This is what cultural literacy refers to. Just as one becomes literate in reading a language, we become literate in recognizing cultural norms. But just because we become literate in the rules governing our own culture doesn’t mean that we are culturally literate when engaging with cultures outside of our own. In fact, jokes are a great way of understanding cultural literacy because the humor housed in a joke is usually commenting on cultural norms. It is no accident that cultural humor is usually the last thing to translate for cultural outsiders! It’s like driving a car—while at first one might be overwhelmed while steering, pressing on the gas, using blinkers, and turning on the windshield wipers, eventually these all become automatic processes.
Of course, one of the trickiest aspects of a cultural norm or determining whether one is a cultural insider or outsider (or, sometimes, both), is determining what constitutes a culture. That is, where do we draw the line between one culture and another? For example, we could suggest that the culture of the United States is its own distinct culture, or that the culture of the United States is distinct from the culture of Mexico. However, what about children born to parents who moved from Mexico to the U.S. and now attend U.S. schools? Or border towns and cities that encapsulate aspects of both cultures? To go a step further, what happens when we consider all of the cultural variations within the U.S.: north and south, east coast and west coast, rural and urban, coastal and land locked? What about racial differences, class differences, gender differences, religious differences, ethnic differences, educational differences, differences in age, sexuality, and ability? In other words, while we use the language of cultural norms, the truth is that many of us inhabit many different cultures within a larger culture.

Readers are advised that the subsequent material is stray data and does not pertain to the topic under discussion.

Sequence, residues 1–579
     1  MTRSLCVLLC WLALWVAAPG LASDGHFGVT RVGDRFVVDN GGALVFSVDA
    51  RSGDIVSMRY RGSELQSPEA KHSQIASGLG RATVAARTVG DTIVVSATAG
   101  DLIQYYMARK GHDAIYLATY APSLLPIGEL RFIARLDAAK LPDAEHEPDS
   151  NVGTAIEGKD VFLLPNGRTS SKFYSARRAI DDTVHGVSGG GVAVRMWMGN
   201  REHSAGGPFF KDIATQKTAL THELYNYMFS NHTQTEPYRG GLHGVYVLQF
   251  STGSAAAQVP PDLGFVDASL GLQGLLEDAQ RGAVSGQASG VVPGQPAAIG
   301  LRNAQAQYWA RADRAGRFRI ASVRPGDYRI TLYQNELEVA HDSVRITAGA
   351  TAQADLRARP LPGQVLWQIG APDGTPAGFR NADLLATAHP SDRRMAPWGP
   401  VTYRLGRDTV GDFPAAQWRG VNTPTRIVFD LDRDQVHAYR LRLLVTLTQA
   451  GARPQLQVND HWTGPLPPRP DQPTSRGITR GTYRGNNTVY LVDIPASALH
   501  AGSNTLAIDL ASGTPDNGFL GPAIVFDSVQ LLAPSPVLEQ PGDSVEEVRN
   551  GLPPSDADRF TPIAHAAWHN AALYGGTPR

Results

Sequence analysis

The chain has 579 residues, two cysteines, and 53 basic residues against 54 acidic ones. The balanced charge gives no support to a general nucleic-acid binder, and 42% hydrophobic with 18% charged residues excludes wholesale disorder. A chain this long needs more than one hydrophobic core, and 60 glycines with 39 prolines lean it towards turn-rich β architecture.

This is why the concept of intersectionality is so important! How we experience cultural norms has a lot to do with the various cultures and communities we find ourselves within. We might also find ourselves in marginalized cultures and subcultures whose cultural norms differ from those of the dominant culture. For example, at least in this moment in time, mainstream U.S. cultural norms reflect white, middle class, Christian value systems. This means that people living in the U.S. who are of color, working class, and/or Muslim will not find the cultural norms of their racial, classed, and religious identities reflected back to them in the larger U.S. culture. However, there are cultural spaces within the U.S. where the cultural norms governing these identities are widely recognized.
In short, cultural norms are not “good” or “bad,” they just are. However, whether or not we adhere to established cultural norms can affect our daily lives. We are often socially rewarded with privileges when we follow the established norms, and often find ourselves reprimanded or denied privileges when we do not. Therefore, just as important as understanding cultural norms themselves is understanding the context in which they operate. What is actively rewarded in one culture could very well be frowned upon in another. This is what we refer to as cultural stigmas.
Patricia DeRocher, Ph.D.
Assistant Professor, Core Division